PETALING JAYA, July 25 ― Tun Dr Mahathir Mohamad today appeared to suggest that Malaysia insist on an “exit clause” on the Trans-Pacific Partnership Agreement (TPPA), using his long-standing grouse on the country’s supply of raw water to Singapore to illustrate the need.
A fortnight ago, Dr Mahathir (picture) had joined the growing number of voices speaking out against the US-led free trade agreement, warning that it would be another in a long line of “lopsided” deals that Malaysia kept walking into.
His inclusion of the water supply deal to Singapore as among such skewed agreements led one commentator on his blog at chedet.cc to point out that Malaysia actually benefited more from the deal with the republic.
“I would like to thank the visitor to my blog who pointed out that the terms of the agreement to supply raw water and receive treated water to and from Singapore actually favours Malaysia. I agree. But I am talking about revision in the price of raw water,” the former prime minister wrote in his latest blog entry.
Under the deal, Malaysia is eligible to buy 12 per cent of Singapore’s treated water at a price of 50 sen per 1,000 gallon, which costs the republic approximately RM1.10 to treat. This represents a savings of 60 sen per 1,000 gallons for the former country.
But insisting the 3 sen per 1,000 gallons that Malaysia sells the water for was “ridiculous”, Dr Mahathir hypothesised the consequences of raising the price to 6 sen, or a 100 per cent increase.
“It can be assumed that Singapore would want to increase the price of treated water. It may ask for the same quantum, i.e. a 100 per cent increase to RM1.00 per 1,000 gallons,” he theorised.
In such a scenario, the savings versus treating the water in Malaysia was reduced to 10 sen per 1,000 gallon, or sufficiently negligible as to consider exiting the agreement.
“If there [are] negotiations then Singapore might be persuaded not to increase or to increase at a lower rate. But this will not be the end.
“Malaysia should learn to include exit clauses when entering into agreements. It should always remember that over time money depreciates, i.e. prices increase,” he concluded.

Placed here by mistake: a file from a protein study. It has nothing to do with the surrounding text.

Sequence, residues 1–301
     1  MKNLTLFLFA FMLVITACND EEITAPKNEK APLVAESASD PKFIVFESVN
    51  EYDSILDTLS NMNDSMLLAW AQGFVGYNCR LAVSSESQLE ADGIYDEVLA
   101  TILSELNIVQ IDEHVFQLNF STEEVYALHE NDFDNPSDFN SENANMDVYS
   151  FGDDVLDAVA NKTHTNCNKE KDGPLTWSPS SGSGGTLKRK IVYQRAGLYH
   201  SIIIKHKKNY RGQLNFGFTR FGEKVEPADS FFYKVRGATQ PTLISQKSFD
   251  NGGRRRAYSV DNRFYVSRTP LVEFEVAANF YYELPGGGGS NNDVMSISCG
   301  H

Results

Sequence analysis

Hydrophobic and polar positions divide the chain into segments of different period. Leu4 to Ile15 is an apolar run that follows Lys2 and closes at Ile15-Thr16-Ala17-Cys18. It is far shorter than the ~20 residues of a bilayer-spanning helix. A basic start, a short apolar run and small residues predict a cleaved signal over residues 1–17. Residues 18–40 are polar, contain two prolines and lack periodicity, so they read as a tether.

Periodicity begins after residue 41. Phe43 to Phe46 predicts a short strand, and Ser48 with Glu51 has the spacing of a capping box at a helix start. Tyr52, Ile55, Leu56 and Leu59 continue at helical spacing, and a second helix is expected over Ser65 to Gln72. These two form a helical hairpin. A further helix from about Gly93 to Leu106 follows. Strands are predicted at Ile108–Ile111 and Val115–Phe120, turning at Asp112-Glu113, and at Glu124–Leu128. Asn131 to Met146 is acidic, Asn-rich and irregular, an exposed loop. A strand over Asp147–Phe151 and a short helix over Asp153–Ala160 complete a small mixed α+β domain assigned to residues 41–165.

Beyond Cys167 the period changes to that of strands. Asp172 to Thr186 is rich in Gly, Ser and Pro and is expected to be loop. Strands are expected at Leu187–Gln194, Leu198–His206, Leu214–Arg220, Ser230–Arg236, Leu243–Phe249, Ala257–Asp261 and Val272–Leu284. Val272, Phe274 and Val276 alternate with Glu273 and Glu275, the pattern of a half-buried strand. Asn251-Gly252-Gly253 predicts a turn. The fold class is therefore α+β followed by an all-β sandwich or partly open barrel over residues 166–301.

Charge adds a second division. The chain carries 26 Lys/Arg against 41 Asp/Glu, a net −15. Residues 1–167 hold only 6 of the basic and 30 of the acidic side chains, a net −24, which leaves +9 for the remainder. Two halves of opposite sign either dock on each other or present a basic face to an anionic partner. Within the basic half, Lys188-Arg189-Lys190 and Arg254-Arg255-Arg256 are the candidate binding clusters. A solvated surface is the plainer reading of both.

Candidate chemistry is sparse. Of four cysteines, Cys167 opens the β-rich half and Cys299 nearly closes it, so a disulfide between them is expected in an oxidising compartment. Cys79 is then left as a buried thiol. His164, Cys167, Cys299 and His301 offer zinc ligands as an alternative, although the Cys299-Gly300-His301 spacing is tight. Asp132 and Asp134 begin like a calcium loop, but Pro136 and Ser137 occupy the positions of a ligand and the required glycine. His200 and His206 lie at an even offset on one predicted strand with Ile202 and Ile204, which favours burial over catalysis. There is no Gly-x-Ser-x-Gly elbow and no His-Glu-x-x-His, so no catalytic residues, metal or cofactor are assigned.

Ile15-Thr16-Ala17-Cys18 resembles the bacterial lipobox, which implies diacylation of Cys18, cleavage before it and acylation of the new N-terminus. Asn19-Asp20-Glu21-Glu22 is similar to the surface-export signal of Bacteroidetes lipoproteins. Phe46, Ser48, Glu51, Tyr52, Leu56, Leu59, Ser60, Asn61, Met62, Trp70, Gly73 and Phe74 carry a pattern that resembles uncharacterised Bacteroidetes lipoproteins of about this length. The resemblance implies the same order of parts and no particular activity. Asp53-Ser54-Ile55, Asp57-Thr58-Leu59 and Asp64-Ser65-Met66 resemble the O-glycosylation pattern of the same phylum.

On July 13, the former prime minister had skewered the Ministry of International Trade and Industry’s apparent insistence on signing the TPPA despite lingering concerns over what the country stood to gain from the deal.
“Look at all the agreements we have entered into and you will find practically none of them favours us,” he wrote then.
“Now we want to swallow the American-conceived TPP, Trans Pacific Partnership. This is another attempt by America to let their huge corporations penetrate the domestic markets of the small countries, in particular government procurements,” he wrote then.
Dr Mahathir also complained previously that signing the agreement would leave the country vulnerable to legal action from international corporations, and added his doubts about Malaysia’s ability to fend off such lawsuits.
“If we breach the agreement, their corporations can sue the government for billions. I have my doubts about our ability to convince the international arbitrators or courts,” he wrote.
“We cannot even convince the World Court over Pulau Batu Puteh.”
Pulau Batu Puteh, or Pedra Branca as it is now known, was a disputed island claimed by Malaysia and Singapore. It was ruled to be Singaporean territory by the International Court of Justice in 2008 after a protracted legal battle.
“They will have the best lawyers, lots of them. We will exhaust all our funds to pay our less experienced lawyers. At the end we will lose and pay indemnities and fees running into billions. And we will continue to pay until we comply. And when we comply we will lose more money,” Dr Mahathir predicted.
The TPPA is a free trade agreement that has been negotiated by the US, Malaysia and nine other nations as part of the larger Trans-Pacific Strategic Economic Partnership since 2010.
Critics allege that the agreement has since been co-opted by powerful corporations to allow them to trample over existing consumer, worker and environmental rights in signatory countries.
Although it is not definitively known how much — if any — of the allegations are true, the secretive nature of the negotiations continues to provide a fertile breeding ground for such speculation.